Taiwan's current domestic political crisis is not over yet, despite a presidential apology aimed at defusing the partisan fray sparked by the government's abrupt decision to abort a nuclear power plant, an opposition leader said yesterday.
\nIn a radio talk show, People First Party (PFP) Chairman James Soong (宋楚瑜) said that although President Chen Shui-bian (陳水扁) made a televised apology on Sunday for the "poorly timed" announcement of the decision, the opposition -- particularly KMT lawmakers -- remain distrustful of Chen's sincerity.
\nSoong, who lost to Chen in the March 18 presidential election by a small margin, said the president will have to offer more than just conciliatory remarks before opposition lawmakers will drop their bid to remove him from office.
\n"Whether the current political stalemate can be resolved will hinge on President Chen's deeds," Soong said, suggesting that Chen should "adjust his mindset" and his "arbitrary" leadership style.
\nThe Presidential Office yesterday continued to express its desire for reconciliation with opposition parties, saying that the president and the Cabinet would adhere to the spirit of the Constitution while making controversial policies and appealed to the opposition parties to return to "rational negotiation with the government."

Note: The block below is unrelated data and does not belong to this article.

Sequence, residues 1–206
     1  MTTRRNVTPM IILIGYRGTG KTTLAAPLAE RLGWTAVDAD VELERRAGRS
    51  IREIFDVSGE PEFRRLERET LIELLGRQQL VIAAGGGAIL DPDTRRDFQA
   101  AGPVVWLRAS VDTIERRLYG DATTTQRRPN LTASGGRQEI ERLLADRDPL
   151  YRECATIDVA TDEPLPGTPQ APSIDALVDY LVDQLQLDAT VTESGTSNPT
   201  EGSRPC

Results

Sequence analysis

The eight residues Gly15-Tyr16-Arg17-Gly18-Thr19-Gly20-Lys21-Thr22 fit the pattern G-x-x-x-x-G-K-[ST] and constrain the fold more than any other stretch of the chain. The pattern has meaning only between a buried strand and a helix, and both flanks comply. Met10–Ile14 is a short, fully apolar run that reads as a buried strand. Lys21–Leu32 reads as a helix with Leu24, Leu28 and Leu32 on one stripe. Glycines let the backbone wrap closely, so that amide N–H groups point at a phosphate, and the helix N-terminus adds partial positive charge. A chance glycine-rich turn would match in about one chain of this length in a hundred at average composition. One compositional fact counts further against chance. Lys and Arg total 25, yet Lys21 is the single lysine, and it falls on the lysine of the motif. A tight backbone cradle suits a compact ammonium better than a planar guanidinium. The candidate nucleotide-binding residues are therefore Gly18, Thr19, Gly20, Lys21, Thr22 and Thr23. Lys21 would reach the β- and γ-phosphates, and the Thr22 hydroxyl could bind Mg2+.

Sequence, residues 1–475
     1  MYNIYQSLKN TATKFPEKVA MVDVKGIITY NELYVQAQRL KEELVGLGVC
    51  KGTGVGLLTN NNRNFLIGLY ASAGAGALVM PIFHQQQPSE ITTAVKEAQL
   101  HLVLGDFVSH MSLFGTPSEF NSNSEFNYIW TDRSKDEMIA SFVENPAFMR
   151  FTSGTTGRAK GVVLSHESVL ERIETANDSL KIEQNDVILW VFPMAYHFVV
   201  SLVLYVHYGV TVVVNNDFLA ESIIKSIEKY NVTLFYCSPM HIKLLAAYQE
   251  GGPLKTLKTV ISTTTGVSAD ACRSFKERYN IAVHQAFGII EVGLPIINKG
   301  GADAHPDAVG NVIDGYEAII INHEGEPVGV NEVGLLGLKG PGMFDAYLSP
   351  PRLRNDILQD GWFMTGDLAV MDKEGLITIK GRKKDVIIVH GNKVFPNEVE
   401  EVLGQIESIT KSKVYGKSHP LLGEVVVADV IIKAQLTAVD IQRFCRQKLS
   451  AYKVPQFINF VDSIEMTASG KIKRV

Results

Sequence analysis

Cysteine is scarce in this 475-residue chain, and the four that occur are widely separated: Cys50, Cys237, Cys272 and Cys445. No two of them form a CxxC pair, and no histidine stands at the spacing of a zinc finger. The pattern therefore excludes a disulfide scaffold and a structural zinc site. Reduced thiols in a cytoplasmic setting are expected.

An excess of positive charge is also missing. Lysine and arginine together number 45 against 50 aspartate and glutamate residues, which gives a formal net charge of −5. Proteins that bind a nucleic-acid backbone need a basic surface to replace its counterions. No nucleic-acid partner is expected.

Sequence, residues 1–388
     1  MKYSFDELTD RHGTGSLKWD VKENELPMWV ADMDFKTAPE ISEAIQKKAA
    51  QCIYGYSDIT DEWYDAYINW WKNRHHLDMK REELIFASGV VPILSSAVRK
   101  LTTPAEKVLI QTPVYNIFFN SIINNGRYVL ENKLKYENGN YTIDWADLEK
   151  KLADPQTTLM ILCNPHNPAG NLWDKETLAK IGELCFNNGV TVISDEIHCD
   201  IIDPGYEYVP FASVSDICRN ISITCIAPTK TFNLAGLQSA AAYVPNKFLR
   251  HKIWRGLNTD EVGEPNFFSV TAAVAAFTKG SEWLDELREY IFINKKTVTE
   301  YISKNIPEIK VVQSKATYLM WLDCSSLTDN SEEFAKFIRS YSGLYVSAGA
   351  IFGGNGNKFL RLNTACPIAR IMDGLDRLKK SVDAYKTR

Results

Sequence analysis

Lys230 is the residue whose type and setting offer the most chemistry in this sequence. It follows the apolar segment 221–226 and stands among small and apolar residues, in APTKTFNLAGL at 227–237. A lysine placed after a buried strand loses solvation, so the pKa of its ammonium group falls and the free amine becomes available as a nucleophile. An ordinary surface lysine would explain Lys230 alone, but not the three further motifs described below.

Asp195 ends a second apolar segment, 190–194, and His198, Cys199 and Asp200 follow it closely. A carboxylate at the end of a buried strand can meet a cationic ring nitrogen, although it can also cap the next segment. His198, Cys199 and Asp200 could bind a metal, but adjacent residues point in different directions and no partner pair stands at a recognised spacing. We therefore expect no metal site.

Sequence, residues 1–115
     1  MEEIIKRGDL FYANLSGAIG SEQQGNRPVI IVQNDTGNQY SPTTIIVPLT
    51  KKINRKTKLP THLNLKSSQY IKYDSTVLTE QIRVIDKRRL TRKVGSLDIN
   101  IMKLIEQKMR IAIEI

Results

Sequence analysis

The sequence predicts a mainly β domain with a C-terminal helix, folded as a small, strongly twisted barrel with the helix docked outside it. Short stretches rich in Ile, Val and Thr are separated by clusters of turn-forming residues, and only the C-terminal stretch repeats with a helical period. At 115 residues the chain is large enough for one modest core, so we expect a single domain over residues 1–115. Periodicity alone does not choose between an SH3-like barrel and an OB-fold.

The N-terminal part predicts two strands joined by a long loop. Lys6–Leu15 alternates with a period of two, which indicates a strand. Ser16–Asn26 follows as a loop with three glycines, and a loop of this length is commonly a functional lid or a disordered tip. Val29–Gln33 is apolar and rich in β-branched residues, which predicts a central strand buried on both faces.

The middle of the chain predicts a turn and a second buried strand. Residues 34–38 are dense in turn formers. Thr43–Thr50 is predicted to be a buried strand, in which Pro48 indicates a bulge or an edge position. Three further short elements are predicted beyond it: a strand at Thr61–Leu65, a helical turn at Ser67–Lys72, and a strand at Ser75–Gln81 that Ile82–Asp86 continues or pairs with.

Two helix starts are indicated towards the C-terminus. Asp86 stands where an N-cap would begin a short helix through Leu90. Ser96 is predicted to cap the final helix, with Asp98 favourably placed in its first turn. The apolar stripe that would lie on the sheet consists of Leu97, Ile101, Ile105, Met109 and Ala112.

\n"President Chen Shui-bian has already apologized and promised he will definitely negotiate with opposition parties before making important policies," said secretary-general to the president, Yu Shyi-kun, yesterday during his regular weekly press conference.
\n"If it were necessary and in keeping with the spirit of the Constitution, the DPP would even accept a coalition government," Yu said.
\nChen has repeatedly said since his inauguration on May 20 that if the DPP had to organize a coalition government with the KMT, then the transfer of power would mean nothing.
\n"People would question why they needed to elect a new president," Chen has told reporters for the past five months.
\nThe three opposition parties, however, yesterday urged Chen to undertake concrete measures to demonstrate adherence to the Constitution and forestall the threatened presidential recall, rather than simply give "lip service," saying that "actions speak louder than words."
\n"President Chen has still not given a concrete answer to solve the Fourth Nuclear Power Plant (
PHOTO: GEORGE TSORNG, TAIPEI TIMES
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